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(In round thousands of bushels.)


in the supply of wheat would exist by 1931 on account of the increasing population. Such predictions generally over-emphasize the numerical increase in population which is current, and fail to give due regard to the laws which control the production of the food supply and its ratio to population. A scarcity of wheat simply raises its price and increases its production. In the world markets a sudden and acute scarcity of the general food supply is impossible. A gradual decrease in the general food supply until a serious shortage exists is equally impossible, for, whatever the standard of living, population will limit itself long before acute conditions are reached. While several countries each possess many millions of acres of the finest lands— i Yearbook U. S. Dept. Agr., 1905-6.

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(In round thousands)

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lands that lack only the application of human industry to make them productive of wheat, there is no occasion for any fear of a shortage of grain. The wheat industry of the world must undergo great developments before even its approximate limits can be defined.

The Northern Hemisphere produces about 95 per cent of the wheat crop of the world. This half of the globe not only consumes its entire product, but a large part of the crop of the Southern Hemisphere as well. About 75 per cent of the total wheat crop is produced in seven countries north of the equator. Europe produces over half of the world's wheat, but her population is so great that she consumes the world's surplus in addition to her own product. It was not until after the middle of the nineteenth century that large masses of trans-oceanic wheat appeared in Europe. In the seventies of this century India wheat made its advent into the world market, and two decades later there was a sudden and enormous influx of Argentine wheat. The world's production of wheat is continually increasing, and in 1906 it approximated three and a half billion bushels.



Following the classifications of Carleton,1 of Haeckel,' and of Kornicke and Werner, and perfecting them by adding new data, by extending to smaller subdivisions, by giving world distribution, and, for the sake of unity and completeness, by giving the essential characteristics of each division, there is given below a descriptive and distributive outline of the division Hordeae given on Page 2.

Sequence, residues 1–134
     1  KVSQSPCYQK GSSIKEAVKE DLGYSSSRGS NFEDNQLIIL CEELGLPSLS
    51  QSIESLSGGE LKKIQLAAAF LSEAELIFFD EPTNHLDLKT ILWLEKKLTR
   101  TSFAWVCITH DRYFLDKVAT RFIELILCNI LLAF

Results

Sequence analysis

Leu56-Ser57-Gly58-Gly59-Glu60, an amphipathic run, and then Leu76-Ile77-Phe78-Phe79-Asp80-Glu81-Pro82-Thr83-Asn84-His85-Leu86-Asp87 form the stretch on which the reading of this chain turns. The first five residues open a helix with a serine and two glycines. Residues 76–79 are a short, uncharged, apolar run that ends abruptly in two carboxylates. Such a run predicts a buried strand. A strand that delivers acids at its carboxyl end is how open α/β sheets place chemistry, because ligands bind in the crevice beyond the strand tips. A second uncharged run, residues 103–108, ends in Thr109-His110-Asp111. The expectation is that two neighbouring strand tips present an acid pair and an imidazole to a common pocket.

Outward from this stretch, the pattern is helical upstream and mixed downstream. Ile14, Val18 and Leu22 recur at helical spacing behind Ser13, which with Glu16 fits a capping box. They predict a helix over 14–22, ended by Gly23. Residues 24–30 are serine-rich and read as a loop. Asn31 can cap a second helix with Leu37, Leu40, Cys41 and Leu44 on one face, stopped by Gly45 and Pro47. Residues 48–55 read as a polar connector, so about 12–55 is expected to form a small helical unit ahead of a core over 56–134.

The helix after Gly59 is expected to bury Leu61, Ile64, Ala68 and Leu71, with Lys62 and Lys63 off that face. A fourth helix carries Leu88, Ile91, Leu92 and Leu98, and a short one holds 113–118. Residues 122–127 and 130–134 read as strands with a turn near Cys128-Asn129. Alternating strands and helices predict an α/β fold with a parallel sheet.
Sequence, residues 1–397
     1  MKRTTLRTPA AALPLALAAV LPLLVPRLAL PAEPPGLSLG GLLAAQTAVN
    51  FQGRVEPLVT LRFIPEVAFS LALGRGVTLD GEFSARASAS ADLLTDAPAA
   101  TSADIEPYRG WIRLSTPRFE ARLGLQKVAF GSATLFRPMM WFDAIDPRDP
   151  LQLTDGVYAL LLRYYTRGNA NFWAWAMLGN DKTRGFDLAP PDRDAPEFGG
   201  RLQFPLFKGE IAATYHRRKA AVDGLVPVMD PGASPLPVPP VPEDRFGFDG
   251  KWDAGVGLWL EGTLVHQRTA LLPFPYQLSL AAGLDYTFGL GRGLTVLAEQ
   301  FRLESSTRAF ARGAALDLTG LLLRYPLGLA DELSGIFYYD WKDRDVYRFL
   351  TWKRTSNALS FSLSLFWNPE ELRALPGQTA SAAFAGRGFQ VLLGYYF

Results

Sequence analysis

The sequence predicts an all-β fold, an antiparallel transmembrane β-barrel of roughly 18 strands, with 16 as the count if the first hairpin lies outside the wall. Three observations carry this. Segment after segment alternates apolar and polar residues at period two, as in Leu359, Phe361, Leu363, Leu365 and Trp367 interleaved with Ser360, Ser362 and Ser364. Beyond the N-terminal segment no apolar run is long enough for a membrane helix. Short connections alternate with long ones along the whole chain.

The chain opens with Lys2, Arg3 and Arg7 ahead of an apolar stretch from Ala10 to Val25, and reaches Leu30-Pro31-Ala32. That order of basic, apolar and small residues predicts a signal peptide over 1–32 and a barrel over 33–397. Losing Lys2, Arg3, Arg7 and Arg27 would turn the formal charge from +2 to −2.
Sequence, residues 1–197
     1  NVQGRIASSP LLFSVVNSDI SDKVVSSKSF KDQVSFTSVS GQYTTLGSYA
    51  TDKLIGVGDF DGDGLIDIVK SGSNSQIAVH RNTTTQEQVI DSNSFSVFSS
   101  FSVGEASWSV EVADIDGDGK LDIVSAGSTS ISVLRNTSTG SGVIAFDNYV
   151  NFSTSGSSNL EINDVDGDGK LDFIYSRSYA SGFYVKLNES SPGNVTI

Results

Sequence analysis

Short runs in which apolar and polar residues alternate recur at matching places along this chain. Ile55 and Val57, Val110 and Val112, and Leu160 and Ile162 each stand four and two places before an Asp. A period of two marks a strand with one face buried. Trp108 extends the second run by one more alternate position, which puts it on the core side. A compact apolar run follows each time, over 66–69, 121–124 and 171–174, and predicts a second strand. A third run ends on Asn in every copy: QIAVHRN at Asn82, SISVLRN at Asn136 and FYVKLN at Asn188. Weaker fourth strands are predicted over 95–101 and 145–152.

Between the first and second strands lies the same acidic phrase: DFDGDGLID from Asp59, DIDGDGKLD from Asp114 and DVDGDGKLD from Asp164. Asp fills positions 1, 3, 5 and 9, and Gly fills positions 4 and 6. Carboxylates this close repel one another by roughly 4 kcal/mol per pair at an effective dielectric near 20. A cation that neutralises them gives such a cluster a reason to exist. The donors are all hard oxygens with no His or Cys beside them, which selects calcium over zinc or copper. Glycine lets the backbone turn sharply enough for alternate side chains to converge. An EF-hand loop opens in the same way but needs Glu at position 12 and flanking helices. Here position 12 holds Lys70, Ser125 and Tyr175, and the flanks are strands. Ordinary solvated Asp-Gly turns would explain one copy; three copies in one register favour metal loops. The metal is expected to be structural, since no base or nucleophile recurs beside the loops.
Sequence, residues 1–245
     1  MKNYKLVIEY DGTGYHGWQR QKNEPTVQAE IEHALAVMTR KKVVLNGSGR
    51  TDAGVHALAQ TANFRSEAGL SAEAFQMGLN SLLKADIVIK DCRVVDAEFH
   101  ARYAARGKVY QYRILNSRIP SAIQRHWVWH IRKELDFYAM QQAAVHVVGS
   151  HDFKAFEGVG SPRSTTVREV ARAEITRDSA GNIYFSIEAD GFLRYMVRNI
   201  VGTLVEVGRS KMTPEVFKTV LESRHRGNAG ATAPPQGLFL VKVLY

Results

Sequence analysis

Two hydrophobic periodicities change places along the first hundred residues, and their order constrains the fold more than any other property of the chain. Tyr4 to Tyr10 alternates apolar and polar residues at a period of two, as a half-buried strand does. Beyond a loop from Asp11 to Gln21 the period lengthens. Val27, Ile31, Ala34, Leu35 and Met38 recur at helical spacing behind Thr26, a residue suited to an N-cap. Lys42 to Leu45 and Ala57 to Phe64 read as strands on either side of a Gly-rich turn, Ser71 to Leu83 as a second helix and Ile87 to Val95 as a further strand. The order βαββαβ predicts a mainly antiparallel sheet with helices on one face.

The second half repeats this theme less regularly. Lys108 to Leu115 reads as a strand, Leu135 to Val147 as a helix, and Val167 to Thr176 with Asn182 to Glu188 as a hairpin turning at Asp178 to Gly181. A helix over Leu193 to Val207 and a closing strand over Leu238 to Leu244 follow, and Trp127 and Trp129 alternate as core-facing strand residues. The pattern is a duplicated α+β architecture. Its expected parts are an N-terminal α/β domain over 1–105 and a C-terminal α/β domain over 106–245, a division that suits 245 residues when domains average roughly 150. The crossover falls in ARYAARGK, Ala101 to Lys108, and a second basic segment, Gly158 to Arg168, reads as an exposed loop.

1.1 Hordese (Sub-tribe).

2.1 LoliesB (Rye Grass). 3 1 Leptureae.

4 1 Elymeae (Barley "Wild Rye).
5.1 Triticeae

1.2 Agropvrum (Genus) (Quack. G
2.2 Haynaldia.
3.2 Secale (Rye).
4.2 Triticum.

1.3 Aegilops (section). Species ovata taken as type. Found in southern Europe to Turkestan in Asia. Twelve species in all are recognized. 2.3 Sitopyrus.

1.4 Triticum monococcum.

1.5 Name: None in English. German Einkorn preferred. French Engrain. 2.5 Characteristics: Spikelets three flowered but one grained; hardy; non-shattering; short, thin narrow-leaved plant, seldom over 3 feet high. Very constant in fertility; does not give fertile cross with common wheat; only species in which pales fall in two parts at maturity; spikelets awned; spike compact. 3.5 Distribution: Found from Achaia in Greece to Mesopotamia. Present in Swiss Lake dwellings of stone age. Cultivated to a limited extent in Spain, France, Germany Switzerland and Italy. Unknown in America except to experimenters. 4.5 Varieties: Einkorn; Engrain double (two grains). 5.5 Use: Rarely for bread; usually for mush and "cracked wheat," and for fodder. 2.4 Triticum Polonicum.

1.5 Name: Polish wheat a misnomer; Giant or Jerusalem rye. Perhaps native in Mediterranean region. 2.5 Characteristics: Only species in which lowest flower has palea as long as its glume; outer glumes at least as long as flowering glumes; two to three seeded; tall; stems pithy within; heads and kernels extremely large; macaroni gluten; drought and rust resistant; resembles rye. 3.5 Distribution: Spain; Italy; Abyssinia; Southern Russia and Turkestan; Brazil; Northwestern United States. 4.5 Varieties: Only one. White Polish, is widely known. 5.5 Use: Principally for macaroni. 3.4 Triticum sativum dicoccum.

1 5 Name: None in English, often erroneously called spelt; German emmer preferred.

I U. 8. Dept Agr., Dit. Veg. Phys. and Path., Bui. 34, p. 6.

* Minn. Bui. 62, p. 392.

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